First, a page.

Brooklyn Boosters Tout the Borough for Next Democratic Convention
PROSPECT HEIGHTS — New York officials rolled out the blue carpet Monday for delegates from the Democratic National Committee who are touring Brooklyn this week to decide if the borough should host the Democratic presidential convention in 2016.
A team of official and unofficial Brooklyn cheerleaders — including Senator Charles Schumer, Brooklyn Borough President Eric Adam and Barclays Center developer Bruce Ratner — kicked off the DNC’s two-day tour with a pep-rally-like press conference outside the arena complete with a marching band and praise for the borough’s history and infrastructure and “swag,” in the words of Councilwoman Laurie Cumbo.
Schumer even cited the wishes of the former Secretary of State, a likely contender, as a reason for Brooklyn to host in 2016.
“Hillary Clinton — it’s been in the newspaper — wants it in Brooklyn,” he said Monday. “She walked the streets of Brooklyn with me when she first campaigned and I think she would be so, so happy if we had the convention in Brooklyn."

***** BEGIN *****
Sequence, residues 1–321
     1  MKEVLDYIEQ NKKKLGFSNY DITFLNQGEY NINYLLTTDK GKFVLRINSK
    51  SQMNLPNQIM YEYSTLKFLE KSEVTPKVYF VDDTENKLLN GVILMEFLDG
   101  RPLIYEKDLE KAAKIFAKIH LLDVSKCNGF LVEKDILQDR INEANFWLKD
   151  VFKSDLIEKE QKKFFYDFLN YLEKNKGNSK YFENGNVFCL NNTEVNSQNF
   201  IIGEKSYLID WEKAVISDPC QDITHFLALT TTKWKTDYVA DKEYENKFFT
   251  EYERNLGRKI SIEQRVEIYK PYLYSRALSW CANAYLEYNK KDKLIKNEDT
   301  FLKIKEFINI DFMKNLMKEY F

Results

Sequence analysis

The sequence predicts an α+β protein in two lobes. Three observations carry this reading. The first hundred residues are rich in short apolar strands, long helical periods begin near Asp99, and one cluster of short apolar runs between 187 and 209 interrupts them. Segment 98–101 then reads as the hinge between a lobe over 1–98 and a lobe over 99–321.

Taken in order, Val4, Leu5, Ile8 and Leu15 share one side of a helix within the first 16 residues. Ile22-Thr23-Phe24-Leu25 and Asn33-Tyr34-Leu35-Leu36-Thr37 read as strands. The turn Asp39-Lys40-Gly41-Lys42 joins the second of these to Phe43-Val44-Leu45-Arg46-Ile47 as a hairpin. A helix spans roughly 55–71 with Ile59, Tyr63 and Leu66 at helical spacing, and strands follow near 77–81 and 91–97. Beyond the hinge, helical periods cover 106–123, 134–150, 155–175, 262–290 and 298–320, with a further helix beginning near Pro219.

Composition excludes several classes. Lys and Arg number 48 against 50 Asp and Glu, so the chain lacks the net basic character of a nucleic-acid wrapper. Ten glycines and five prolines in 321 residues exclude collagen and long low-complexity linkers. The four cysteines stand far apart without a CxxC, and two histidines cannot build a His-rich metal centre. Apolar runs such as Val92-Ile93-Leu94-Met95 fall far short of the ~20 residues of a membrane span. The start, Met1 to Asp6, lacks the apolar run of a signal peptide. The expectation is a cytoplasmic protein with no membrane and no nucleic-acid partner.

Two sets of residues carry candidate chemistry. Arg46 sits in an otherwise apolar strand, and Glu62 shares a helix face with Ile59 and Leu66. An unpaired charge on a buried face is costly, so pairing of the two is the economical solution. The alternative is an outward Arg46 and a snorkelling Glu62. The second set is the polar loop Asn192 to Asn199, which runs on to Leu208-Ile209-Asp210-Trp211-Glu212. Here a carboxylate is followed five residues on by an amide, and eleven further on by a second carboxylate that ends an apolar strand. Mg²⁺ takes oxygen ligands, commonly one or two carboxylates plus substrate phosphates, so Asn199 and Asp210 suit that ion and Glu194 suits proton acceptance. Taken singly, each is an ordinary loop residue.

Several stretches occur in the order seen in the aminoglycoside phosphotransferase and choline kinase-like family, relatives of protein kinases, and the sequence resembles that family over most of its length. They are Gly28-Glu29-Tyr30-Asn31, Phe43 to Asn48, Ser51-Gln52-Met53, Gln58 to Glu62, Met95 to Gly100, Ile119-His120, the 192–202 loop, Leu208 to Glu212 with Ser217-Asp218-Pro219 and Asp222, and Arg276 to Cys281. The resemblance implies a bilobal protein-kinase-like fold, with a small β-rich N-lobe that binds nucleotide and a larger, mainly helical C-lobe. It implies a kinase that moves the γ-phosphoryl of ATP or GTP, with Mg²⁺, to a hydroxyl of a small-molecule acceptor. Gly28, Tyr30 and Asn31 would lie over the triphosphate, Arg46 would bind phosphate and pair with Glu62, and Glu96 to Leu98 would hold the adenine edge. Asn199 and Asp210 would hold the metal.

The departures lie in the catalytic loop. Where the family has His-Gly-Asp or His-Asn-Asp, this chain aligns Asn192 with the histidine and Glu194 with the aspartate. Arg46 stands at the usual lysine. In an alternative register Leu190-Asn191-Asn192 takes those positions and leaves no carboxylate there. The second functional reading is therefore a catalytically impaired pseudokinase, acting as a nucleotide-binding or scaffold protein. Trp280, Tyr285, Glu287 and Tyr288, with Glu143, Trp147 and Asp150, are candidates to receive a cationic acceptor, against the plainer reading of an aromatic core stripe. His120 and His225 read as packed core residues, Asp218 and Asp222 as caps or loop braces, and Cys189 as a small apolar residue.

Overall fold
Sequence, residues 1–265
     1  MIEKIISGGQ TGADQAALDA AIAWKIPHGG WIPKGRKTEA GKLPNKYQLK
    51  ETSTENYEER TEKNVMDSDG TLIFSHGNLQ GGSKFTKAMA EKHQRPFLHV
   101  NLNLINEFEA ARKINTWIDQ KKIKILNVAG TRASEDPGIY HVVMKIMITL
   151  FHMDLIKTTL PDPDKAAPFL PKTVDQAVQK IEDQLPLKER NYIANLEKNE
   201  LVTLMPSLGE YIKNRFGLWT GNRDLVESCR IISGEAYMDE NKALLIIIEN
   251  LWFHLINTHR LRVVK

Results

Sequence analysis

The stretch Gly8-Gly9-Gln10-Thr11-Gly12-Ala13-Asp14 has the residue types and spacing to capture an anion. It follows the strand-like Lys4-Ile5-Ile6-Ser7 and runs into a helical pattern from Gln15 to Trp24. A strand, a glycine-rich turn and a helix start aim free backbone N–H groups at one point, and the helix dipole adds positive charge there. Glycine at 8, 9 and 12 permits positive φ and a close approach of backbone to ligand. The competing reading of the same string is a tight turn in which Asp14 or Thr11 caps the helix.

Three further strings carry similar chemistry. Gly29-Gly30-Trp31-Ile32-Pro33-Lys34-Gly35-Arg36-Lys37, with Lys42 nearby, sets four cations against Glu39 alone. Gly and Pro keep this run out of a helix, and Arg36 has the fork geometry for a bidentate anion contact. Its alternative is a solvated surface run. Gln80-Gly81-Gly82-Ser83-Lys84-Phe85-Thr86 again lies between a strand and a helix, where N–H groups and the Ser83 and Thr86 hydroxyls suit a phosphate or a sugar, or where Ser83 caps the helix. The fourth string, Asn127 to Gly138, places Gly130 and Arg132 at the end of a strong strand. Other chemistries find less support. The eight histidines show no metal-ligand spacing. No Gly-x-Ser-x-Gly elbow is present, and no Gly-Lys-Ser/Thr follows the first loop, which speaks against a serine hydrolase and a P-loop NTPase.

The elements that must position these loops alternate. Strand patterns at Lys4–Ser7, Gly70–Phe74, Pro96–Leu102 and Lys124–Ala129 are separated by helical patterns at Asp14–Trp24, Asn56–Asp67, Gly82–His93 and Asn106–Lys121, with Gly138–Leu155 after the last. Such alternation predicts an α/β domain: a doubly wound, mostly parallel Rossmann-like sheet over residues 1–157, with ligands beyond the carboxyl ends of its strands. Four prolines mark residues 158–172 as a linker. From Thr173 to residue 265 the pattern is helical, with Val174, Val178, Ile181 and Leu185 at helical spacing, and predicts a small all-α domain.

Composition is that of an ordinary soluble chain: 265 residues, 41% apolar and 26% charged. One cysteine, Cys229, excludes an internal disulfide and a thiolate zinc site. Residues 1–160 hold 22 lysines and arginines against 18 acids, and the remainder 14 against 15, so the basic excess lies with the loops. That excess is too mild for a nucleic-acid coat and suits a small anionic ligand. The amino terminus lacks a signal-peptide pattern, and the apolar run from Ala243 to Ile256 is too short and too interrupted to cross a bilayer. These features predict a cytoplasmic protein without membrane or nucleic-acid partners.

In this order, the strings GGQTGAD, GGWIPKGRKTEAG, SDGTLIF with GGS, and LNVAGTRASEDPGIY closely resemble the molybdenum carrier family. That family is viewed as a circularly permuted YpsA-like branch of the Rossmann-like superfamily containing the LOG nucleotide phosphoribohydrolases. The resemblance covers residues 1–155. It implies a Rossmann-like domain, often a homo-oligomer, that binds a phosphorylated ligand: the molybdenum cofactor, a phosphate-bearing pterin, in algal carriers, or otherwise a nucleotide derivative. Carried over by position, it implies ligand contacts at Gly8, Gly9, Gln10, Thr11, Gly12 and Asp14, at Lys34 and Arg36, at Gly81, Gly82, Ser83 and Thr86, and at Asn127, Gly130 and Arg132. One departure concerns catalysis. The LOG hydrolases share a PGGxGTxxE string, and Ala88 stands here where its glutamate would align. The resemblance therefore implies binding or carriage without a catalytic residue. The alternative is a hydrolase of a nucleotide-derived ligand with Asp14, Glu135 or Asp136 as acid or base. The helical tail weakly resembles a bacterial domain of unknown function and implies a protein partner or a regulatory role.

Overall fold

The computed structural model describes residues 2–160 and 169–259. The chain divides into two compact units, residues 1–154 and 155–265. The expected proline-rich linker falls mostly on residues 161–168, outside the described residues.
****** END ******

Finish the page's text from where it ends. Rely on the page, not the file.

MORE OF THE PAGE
The DNC cohort will tour the Barclays Center, nearby hotels and cultural spots, such as the Brooklyn Academy of Music, and restaurants on their visit to the city. But mostly, said DNC CEO Amy Dacey, they’ll be in “working meetings” discussing the logistics and financial details of the to-be-determined convention.
But the elected officials at Monday’s press conference didn’t focus much on the details of the trip, instead revving up the crowd with big-picture claims of Brooklyn’s status as a hub of progressive politics, success and cool.
“Brooklyn’s story is America’s story,” said City Council Speaker Melissa Mark-Viverito.
Public Advocate Letitia James told the crowd, “Brooklyn is the hottest borough on the planet.”
Deputy Mayor for Economic Development Alicia Glen put the convention in slightly more concrete terms: dollars and cents.
“Based on our analysis of the 2004 convention, we’re looking at a return on investment of at least ten times,” she said, adding that the net revenue from the convention in Charlotte, North Carolina, equaled around $250 million.
Brooklyn is up against four other cities bidding to host the convention: Philadelphia, Phoenix, Columbus, Ohio and Birmingham, Alabama.